You were are not supposed to see this picture
UPDATE 25th June 2014:
The ASA has now changed it’s mind on this matter . Hopefully partly as a result of the information contained in the protests to it from organisations and individuals like ours. (See also our next post)
A piece of idiocy by the ASA has caused justified anger among cycling groups and others concerned with a civilised approach to danger on the road.
You can read about it here; here; here and also here the CTC’s comments are here:
The RDRF objects to the ASA’s decision on the basis that: Continue reading
Along with others such as the CTC we made a submission in January 2013. Here it is: Continue reading
Our post on the effects of the NZ cycle helmet law has had more views than any other so far on www.rdrf.org.uk . Prompted by this, below we:
(i) Give fuller references to the evidence.
(ii) Suggest the reason for the observed changes (particularly the apparent adverse effects on cyclist casualty rates).
(iii) Look at helmet advocacy in the context of a car dominated “road safety” culture.
Below is a graph by Chris Gilham looking at cycling (those of all ages over 5) in New Zealand. Look at levels of cycling and the cyclist injury rate following the introduction of the mandatory cycle helmet law. More to come on the analysis of this graph in the next post.
For more detailed evidence on the effect of the NZ law, and what it means, see our post here
Harry Venning of the Guardian’s take on the “blitz” in “Clare in the Community”
After a spate of cyclist deaths in London, cyclist safety is on the national agenda. For some, getting cyclist safety in the public eye is inherently good – we’re not so sure. The key issue is, after all, to do the right things for the safety of cyclists. Last week we were told that there is a “new zero-tolerance approach” with a “huge escalation” in policing involving “stopping lorries and cars and where there is unsafe driving they will be taken off the road.”
But is a blitz on unsafe driving – under what is called “Operation Safeway” in London – actually happening? We don’t think so. So what exactly is going on? Continue reading
If you are reading this on www.rdrf.org.uk or are an addressee, you shouldn’t need to know what is so vile and destructive about this.
But there are important explanations required.
We need to understand how self-blame can – albeit ultimately destructive – can give a false but seductive relief from the grief of losing a loved one.(Although, of course, it is also deeply offensive to so many of the loved ones of those who have also died in this way).
We also, yet again, have to state the “bleeding obvious” that wearing a cycle helmet does not stop a human body being crushed underneath a lorry.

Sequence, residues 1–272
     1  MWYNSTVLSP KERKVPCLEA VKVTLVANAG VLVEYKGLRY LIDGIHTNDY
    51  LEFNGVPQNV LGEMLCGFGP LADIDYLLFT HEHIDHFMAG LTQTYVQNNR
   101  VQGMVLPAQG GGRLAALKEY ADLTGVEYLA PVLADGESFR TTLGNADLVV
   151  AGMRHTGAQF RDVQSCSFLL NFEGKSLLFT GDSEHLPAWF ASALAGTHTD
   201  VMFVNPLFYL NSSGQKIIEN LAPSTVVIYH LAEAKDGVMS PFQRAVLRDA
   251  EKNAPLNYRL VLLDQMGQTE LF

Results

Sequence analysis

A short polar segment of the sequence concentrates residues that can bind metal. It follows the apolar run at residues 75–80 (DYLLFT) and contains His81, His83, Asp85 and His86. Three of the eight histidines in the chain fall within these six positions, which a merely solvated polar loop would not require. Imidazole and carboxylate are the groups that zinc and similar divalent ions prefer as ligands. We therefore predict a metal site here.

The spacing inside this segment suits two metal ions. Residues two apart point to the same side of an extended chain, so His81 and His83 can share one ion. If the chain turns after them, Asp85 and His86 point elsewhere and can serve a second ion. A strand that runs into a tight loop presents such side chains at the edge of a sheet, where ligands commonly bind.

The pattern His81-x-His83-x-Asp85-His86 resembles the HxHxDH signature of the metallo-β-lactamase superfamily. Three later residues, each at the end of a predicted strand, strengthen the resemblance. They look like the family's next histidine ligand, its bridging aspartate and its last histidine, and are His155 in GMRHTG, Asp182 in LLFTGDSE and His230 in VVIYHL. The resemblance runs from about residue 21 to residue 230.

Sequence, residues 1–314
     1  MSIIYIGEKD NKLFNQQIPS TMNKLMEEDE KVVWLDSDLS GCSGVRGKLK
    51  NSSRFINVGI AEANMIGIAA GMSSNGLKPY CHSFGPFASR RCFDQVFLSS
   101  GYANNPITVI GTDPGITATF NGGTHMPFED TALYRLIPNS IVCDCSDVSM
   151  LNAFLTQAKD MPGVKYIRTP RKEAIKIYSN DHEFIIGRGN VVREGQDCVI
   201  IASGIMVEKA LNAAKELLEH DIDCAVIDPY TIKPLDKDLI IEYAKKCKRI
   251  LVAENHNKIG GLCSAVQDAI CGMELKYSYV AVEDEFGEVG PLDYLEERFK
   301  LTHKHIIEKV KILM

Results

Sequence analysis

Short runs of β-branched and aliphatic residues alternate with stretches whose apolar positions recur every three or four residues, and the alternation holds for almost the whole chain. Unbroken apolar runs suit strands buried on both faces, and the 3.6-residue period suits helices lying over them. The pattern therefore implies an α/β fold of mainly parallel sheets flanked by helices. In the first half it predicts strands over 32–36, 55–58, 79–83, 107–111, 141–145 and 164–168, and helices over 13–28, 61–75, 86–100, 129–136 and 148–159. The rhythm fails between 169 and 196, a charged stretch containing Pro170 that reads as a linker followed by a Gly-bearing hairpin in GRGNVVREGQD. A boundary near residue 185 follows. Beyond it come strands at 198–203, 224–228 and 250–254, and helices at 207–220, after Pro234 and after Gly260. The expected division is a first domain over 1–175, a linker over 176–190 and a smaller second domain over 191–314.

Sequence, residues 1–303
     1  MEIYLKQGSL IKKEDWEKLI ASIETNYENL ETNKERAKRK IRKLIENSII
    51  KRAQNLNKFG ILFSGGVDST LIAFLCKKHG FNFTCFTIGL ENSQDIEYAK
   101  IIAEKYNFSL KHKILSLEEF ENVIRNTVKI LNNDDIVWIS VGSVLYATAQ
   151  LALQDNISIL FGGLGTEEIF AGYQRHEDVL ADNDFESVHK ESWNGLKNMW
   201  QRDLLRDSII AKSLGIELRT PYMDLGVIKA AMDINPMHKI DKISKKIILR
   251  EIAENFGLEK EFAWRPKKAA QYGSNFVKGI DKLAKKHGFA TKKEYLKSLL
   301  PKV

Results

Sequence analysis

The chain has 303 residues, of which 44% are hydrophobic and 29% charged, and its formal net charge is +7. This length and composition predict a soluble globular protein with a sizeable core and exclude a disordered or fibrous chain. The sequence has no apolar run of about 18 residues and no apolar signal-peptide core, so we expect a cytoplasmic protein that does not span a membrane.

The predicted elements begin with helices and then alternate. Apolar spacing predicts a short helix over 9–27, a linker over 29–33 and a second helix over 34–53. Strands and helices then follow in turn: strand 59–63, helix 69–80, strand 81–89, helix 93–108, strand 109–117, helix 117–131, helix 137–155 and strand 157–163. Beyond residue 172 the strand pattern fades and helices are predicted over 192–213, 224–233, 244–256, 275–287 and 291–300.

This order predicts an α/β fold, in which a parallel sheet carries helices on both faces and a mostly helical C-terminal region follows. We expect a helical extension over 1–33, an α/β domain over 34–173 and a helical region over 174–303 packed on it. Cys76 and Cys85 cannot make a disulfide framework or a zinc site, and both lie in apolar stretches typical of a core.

But we need to go a lot, lot further.
We need to go further than showing that cyclists “taking a test” isn’t the issue when reducing danger at source – for the safety of all road users – is.
We need to show how the pride and “owning the road” mentality of all too many drivers comes at least partly from their “driving test”. We need to reveal the absence of evidence on the positive effects of wearing bicycle crash helmets in general.
We need to reveal how these and other elements of this culture perceives “road safety” are indeed, part of the problem of danger on the road.
And that a civilised approach to getting about has to tackle this ideology at root and branch,
Dr Robert Davis, Chair, Road Danger Reduction Forum
2013 – 20th year of the Road Danger Reduction Forum
After Bradley Wiggins’ annus mirabilis of success in 2012, his progress in 2013 has been disappointing: missing out on his aim of winning the Giro d’Italia and now announcing the end of his Grand Tour ambitions. We can now reveal the “real reason” for this – the same as for his injury and consequent failure in the 2011 Tour de France. Continue reading
Spain’s proposed anti-cycling law is still being confronted. We received the following thanks from the excellent Conbici : Continue reading
We normally restrict ourselves to what happens in the UK, but the Spanish government’s proposed anti-cycling law is significant for Europeans, and many of our readers are potential cycling visitors to Spain. So check up on what is proposed here and if you want to support the excellent Spanish cyclists of Conbici do write in as suggested to the Tourism Ministry. You can do this in English, but below we present you with our letter to the Traffic Directorate in Madrid with a Spanish version provided by the RDRF translation service. Continue reading
The use of the “accidental death” verdict has been campaigned on by our friends in RoadPeace . Let’s look at two recent cases:
“A man who used to chauffeur the stars of Carry-On films around Pinewood Studios died after being involved in a head-on crash while driving on the wrong side of the road near Poitiers, France. Douglas Lewis, 75, and his wide Pamela, 77, of Slough, Berkshire, were returning from their Spanish villa when they crashed into an oncoming van at 50 mph last April. Mrs Lewis was killed instantly, while Mr Lewis died three months later from his injuries. The Windsor Coroner returned a verdict of accidental death”. (The Times, 2nd February , 2013) Continue reading